Strategic Arms Limitation Agreement

Negotiations began in November 1969 in Helsinki, Finland. [1] Salt I resulted in the Anti-Ballistic Missile Treaty and an interim agreement between the two countries. Although salt II reached an agreement in 1979, the United States Senate decided not to ratify the treaty in response to the Soviet war in Afghanistan, which took place later that year. The Soviet legislature did not ratify it either. The agreement expired on 31 December 1985 and has not been renewed. In January 1984, the United States reiterated its accusation of violation by the USSR of certain provisions of the treaty. In June, President Reagan reaffirmed that it was in the interest of the United States to maintain a provisional framework of reciprocal restraint with the USSR and stated that the United States would continue to refrain from undermining existing strategic arms agreements as long as the USSR had made comparable recommendations and actively put in place arms reduction agreements at the Nuclear and Space Talks (NST) in Geneva. The USSR also reiterated its accusations of January 1984 concerning violations by the United States of certain provisions of the treaty. Subject to the provisions of the Treaty, the Treaty authorized the modernization and replacement of strategic offensive weapons and committed the parties to supply strategic offensive weapons exceeding the total number of contracts up to 31 1981 and strategic offensive weapons prohibited by the Treaty no later than six months after the entry into force of this Treaty (Articles X and XI). The two agreements differ in duration and inclusion. The ABM contract “is of unlimited duration”, but each party has the right to resign with a period of six months if it decides that its highest interests are threatened by “exceptional events related to the subject matter of this Treaty”. The interim agreement spanned a period of five years and covered only some important aspects of strategic weapons. The agreements are linked not only in their strategic implications, but also in their relationship with future negotiations on strategic offensive arms restrictions.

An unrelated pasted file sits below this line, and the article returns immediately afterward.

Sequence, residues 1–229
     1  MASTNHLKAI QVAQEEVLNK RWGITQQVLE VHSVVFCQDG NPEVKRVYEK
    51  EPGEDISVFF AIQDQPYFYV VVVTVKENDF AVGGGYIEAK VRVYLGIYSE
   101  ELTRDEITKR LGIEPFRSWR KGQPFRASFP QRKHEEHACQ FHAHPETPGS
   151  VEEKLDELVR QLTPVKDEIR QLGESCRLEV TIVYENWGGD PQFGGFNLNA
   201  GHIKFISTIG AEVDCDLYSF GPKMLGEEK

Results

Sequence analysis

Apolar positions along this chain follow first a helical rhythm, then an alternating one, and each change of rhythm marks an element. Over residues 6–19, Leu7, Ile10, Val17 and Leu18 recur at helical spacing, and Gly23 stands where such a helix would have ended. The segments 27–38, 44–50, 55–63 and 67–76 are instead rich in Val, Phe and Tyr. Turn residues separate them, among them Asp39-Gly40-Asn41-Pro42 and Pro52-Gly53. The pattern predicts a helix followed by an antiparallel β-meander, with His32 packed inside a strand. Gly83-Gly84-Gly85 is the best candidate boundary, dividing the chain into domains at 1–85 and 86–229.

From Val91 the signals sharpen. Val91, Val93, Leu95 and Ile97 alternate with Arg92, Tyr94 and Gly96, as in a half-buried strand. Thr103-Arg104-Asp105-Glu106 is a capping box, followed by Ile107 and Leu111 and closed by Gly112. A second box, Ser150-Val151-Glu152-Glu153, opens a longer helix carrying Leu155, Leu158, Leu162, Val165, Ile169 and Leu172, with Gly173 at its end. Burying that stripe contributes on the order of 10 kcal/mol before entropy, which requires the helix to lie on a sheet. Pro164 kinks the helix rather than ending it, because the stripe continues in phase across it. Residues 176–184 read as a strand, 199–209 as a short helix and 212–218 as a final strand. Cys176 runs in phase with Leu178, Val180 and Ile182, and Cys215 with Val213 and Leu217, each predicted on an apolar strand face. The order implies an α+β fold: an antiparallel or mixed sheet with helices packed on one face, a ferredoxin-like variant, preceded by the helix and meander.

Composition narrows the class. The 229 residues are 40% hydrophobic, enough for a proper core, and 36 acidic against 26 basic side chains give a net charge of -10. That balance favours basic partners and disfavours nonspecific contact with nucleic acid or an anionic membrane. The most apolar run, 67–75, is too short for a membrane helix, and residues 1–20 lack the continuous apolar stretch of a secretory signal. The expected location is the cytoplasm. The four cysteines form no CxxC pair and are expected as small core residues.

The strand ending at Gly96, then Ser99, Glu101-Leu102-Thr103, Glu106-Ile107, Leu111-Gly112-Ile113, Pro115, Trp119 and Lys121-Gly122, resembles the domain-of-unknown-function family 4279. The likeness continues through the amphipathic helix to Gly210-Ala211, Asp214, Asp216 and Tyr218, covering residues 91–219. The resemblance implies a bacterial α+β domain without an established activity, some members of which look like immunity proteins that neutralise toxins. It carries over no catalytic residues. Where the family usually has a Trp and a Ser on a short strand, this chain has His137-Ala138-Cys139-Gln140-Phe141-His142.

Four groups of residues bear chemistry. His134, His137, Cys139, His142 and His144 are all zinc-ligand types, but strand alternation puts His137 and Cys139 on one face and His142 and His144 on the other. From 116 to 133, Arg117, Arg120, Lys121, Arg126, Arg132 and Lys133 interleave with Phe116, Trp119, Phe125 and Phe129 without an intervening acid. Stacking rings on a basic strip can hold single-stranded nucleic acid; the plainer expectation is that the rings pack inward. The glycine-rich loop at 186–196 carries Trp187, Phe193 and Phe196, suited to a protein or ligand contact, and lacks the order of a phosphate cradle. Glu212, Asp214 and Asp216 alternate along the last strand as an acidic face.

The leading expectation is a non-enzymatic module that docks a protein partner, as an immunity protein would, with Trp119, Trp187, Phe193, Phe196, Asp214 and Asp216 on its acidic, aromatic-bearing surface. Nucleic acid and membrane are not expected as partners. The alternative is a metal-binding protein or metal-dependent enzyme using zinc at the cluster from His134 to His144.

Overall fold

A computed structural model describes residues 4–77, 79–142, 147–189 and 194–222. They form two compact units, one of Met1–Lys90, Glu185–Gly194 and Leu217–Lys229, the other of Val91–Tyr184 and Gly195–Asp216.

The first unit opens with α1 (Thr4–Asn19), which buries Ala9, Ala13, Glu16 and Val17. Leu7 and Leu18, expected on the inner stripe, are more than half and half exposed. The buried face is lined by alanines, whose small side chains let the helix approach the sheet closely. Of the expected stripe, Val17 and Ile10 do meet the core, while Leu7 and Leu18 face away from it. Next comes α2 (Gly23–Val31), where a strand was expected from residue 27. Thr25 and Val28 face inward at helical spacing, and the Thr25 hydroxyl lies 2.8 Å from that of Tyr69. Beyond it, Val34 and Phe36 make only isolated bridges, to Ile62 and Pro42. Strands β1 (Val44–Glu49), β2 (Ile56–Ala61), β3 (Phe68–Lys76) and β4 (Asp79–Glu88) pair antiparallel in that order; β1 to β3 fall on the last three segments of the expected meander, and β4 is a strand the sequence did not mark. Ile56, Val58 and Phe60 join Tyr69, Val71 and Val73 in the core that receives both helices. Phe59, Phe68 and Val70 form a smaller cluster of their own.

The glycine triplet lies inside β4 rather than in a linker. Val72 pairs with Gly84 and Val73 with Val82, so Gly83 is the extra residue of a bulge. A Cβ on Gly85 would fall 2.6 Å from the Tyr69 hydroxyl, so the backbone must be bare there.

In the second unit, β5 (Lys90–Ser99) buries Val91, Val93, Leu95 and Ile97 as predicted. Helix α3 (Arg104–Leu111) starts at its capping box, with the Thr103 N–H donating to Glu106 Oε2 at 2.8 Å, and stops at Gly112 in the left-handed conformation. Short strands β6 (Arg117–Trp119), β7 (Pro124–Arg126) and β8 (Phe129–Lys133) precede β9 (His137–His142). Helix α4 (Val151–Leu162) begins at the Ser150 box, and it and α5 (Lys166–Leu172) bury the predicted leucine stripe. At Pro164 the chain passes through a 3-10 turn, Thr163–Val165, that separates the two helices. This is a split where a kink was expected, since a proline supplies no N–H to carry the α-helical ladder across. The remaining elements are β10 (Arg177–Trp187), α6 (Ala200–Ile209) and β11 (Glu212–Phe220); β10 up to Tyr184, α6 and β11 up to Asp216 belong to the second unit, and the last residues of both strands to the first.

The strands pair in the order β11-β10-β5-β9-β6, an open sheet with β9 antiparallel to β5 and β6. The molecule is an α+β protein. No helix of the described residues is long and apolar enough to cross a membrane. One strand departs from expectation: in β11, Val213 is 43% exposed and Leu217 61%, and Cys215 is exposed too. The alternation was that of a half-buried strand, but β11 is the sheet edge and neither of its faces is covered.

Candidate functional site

A formal statement by the United States underscored the crucial importance it attaches to achieving more comprehensive restrictions on strategic offensive weapons. . . .

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